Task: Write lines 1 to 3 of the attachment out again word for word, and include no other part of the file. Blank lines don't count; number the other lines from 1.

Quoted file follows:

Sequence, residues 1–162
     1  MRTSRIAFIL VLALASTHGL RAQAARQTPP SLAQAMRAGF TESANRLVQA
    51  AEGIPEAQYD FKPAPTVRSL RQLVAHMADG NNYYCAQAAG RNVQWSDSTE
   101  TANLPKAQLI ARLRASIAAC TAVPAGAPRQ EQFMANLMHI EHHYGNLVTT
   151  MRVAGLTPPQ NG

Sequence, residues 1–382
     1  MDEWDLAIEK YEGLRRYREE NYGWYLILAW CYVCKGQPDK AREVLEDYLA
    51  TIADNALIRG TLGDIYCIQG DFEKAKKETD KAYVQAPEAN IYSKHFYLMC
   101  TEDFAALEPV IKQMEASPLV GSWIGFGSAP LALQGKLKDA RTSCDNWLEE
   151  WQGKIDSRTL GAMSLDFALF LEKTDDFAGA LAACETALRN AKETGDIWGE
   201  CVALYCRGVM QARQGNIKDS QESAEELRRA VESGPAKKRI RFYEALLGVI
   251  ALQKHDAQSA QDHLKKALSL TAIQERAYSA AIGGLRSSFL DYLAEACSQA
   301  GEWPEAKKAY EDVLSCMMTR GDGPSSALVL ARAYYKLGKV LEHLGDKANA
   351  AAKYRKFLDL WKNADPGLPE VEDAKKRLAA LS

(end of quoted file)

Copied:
Sequence, residues 1–162
     1  MRTSRIAFIL VLALASTHGL RAQAARQTPP SLAQAMRAGF TESANRLVQA
    51  AEGIPEAQYD FKPAPTVRSL RQLVAHMADG NNYYCAQAAG RNVQWSDSTE